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Free online – You’re the Product, not a Customer

Limits for online data collection

Free online – You’re the Product, not a Customer

Image courtesy of [photoraidz] / FreeDigitalPhotos.net

It has become a maxim in the digital world: If you’re getting something for free online, you’re not the customer — you’re the product.

The point is that those providing whatever service you are using probably are collecting marketing information about you that they’re likely selling.

It’s a transaction that countless Americans are willing to engage in. But there must be limits to data mining, and people should have clear explanations of what personal data is being collected and uncomplicated ways of opting out.

A California court case over Google’s practice of mechanically scanning e-mail content in order to create user profiles has brought these issues into sharp focus.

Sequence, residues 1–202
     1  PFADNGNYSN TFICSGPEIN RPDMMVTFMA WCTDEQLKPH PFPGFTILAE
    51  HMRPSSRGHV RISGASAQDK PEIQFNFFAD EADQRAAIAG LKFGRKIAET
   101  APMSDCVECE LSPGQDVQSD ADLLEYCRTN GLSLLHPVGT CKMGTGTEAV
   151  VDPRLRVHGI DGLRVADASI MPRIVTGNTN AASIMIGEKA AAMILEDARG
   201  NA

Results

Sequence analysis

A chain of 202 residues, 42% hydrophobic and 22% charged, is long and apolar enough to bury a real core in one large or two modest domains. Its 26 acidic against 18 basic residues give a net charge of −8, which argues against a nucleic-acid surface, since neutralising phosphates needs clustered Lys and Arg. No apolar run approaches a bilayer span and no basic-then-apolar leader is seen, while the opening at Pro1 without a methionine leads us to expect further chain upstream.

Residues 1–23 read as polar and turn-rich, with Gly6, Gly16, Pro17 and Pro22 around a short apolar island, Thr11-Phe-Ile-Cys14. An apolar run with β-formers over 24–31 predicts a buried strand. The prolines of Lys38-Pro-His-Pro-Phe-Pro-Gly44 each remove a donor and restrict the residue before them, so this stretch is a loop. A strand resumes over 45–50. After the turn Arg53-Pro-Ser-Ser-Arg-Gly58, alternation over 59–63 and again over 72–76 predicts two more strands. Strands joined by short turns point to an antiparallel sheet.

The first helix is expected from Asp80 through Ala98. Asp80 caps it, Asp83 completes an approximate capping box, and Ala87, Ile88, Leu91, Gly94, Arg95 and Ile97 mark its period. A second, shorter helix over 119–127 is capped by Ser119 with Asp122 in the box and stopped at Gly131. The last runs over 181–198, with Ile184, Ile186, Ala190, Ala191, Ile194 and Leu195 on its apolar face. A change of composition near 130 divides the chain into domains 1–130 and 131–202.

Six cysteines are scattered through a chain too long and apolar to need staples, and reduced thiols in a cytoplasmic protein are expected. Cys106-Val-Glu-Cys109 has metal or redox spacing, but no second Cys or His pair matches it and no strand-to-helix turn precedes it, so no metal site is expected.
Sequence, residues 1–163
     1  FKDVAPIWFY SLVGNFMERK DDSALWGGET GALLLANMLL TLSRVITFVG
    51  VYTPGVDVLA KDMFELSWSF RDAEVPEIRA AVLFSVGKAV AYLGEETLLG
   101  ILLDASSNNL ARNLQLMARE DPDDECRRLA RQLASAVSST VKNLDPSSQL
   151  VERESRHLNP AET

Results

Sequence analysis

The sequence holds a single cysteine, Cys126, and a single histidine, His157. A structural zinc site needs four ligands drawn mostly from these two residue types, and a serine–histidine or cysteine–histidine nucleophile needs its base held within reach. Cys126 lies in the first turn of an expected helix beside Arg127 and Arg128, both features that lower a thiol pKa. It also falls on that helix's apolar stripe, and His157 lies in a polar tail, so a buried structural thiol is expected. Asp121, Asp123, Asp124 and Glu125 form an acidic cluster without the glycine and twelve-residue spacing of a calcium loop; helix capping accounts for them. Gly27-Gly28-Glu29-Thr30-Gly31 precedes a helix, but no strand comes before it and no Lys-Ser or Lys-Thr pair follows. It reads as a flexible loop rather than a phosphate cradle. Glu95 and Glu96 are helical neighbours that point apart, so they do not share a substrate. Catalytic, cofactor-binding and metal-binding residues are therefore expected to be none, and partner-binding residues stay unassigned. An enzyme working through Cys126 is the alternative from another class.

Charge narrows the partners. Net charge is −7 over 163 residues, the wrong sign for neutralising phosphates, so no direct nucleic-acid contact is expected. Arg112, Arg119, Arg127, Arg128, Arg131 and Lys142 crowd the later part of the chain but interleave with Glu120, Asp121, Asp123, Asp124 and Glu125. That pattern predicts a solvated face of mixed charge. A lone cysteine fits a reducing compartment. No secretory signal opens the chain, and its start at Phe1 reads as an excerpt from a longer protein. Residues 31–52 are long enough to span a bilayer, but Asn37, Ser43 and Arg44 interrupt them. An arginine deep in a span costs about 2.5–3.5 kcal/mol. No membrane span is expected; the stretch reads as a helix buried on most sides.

A federal judge recently found Google might have violated wiretap laws by perusing e-mails of those who send messages to Gmail accounts but are not customers.

The distinction is legally important because non-Gmail account holders did not agree to the terms of use. The ruling means the case can go forward.

Judge Lucy Koh, of the Northern District Court of California, also said the “reasonable” Gmail user wouldn’t understand the e-mail scanning process, even after reading the privacy policy. And she expressed skepticism about the legality of the practice.

“Accordingly, the statutory scheme suggests that Congress did not intend to allow electronic communication service providers unlimited leeway to engage in any interception that would benefit their business models,” Koh wrote.

The case raises broader privacy concerns. Ordinary Americans should know that it’s not just the National Security Agency that is collecting data about them.

Marketers are amassing vast troves of data about online users. The New York Times reported earlier this year that the number of companies collecting “information about the reading habits, health concerns, financial capacity, search queries, purchasing patterns and other activities of online consumers has skyrocketed.”

Marketers argue it enables companies to show Internet users ads that are relevant to their lives. Opponents call the online tracking an invasion of privacy that isn’t as anonymous as proponents claim.